reportage FILM

The Second Coming

How Malayalam cinema’s only female superstar got back to work

By LEENA GITA REGHUNATH | 1 November 2017

ON THE EVENING of 19 February 2017, some of the biggest celebrities in Malayalam cinema gathered at the Durbar Hall grounds in Kochi. The property is commonly used to host cultural events, including film promotions and award nights, but on this day, the meeting was about something far grimmer. It had been called to protest an incident that had shocked the Kerala film fraternity, and revealed some of its deepest fault lines. Among those present were high-profile directors such as Kamal and Lal, and the actors Mammootty, Dileep and Manju Warrier.

“It is with a lot of sadness and even more anger that we have come together here,” Warrier began, when it was her turn to speak. Visibly shaken, she continued, “I don’t think it’s possible to express through words what I feel at the moment.” Two days earlier, her friend, a prominent woman actor, had been waylaid and abducted on the national highway from Thrissur to Kochi. Seven men sexually assaulted her for nearly two hours in a moving vehicle. The assault, which included oral rape, according to details reproduced later in a bail petition for one of the accused, was reportedly recorded on video. In it, the men can allegedly be heard asking the abducted woman to cooperate so that she is clearly identifiable in the video. Presumably, it was meant to later be used for blackmail and intimidation. However, after the horrifying ordeal was over, the assault victim lodged a case at the Nedumbassery police station in Ernakulam, got herself physically examined at a government medical college and appeared before a judicial magistrate and recorded her statement in private.

“There is a criminal conspiracy behind this,” Warrier continued. “Whoever is behind this criminal conspiracy should be brought to light, and we all need to show our support.” Her short speech made a significant impact—the media quickly picked up her assertion that this was not a spontaneous attack, but a carefully planned crime. Investigators, too, probed the crime as one of conspiracy.

In the following months, there was a widespread outcry from the public, demanding justice for the victim. The crime created numerous rifts within various coteries in the film fraternity and attracted sustained media attention that ensured that the conspiracy angle was not forgotten. The leading Malayalam newspaper Mathrubhoomi quoted the celebrated lyricist Kaithapram Damodaran Namboodiri as saying, “We have amongst us those who are linked to goonda gangs. Our cinema has people who, like crocodiles, are capable of hurting others. They have played a role in this too.”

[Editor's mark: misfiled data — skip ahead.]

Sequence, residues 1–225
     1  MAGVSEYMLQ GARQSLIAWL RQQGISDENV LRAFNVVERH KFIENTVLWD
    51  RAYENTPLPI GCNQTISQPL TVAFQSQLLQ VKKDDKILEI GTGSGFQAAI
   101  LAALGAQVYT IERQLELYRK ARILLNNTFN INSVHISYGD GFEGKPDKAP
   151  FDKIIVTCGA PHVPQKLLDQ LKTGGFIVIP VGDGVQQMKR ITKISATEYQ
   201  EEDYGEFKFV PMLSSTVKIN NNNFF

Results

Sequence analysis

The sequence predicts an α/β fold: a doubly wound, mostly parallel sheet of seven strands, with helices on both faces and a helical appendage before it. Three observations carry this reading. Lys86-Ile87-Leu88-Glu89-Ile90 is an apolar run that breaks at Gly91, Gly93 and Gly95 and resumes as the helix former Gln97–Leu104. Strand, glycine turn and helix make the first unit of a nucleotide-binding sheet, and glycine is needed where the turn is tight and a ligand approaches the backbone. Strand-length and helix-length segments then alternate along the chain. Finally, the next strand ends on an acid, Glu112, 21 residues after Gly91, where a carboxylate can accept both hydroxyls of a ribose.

Four months later, in a sensational development, the police in Kochi arrested one of the most powerful players in the industry, the self-styled “janapriya nayakan, or popular hero, Dileep—Warrier’s ex-husband. Dileep remained in custody for 85 days, during which time he was denied bail four times; he was finally granted it on 3 October. The Kerala High court, on 24 July, explained the grounds for denying him bail: “The case is unique, considering its seriousness, meticulous planning, cruel nature of execution and being a crime executed to wreak vengeance on a woman by engaging criminals, to sexually abuse her. Courts have to be circumspect in granting bail in such cases.” The remand report—a document that provides reasons to keep the accused in custody—filed by the police on 11 July before the magistrate court in Angamaly, stated that Dileep had personal enmity with the complainant for stoking marital discord between him and Warrier. According to the report, Dileep plotted the crime as far back as in 2013, along with the prime accused, Sunil Kumar, better known as Pulsar Suni—a moniker earned because of his penchant for stealing Pulsar motorcycles and making high-end modifications to them. Dileep consistently denied any association with Pulsar Suni, despite photographic evidence of the two together. Dileep’s lawyers claimed that the whole case around the assault was being built without any evidence, and that their client had become a victim of a media trial. The bail petition argued that the allegations were “nothing but surmises and conjectures of the most debased kind.” The police, till date, have not found two crucial pieces of evidence—the mobile phone that was used to record the assault and a memory card—but claim to have 19 pieces of evidence against Dileep.

Warrier published a handwritten post on Facebook on 29 July 2014 trying to stem the harassment that she said a number of her friends in the industry were receiving for being “home-wreckers.” Referring to rumours that some of her friends “were the reason behind some of my personal decisions”—presumably referring to her decision to divorce Dileep—she said, “It is hurting them, and me. My decisions are mine and I am the reason for its after effects too. None of them have forced or motivated me to take those decisions.” The gossip that swirled around her friends, she added, was “adversely affecting their personal life and artistic work. I am hoping that with this note I can put an end to all such gossip. I ask them for forgiveness for all the pain that I have caused them due to this.”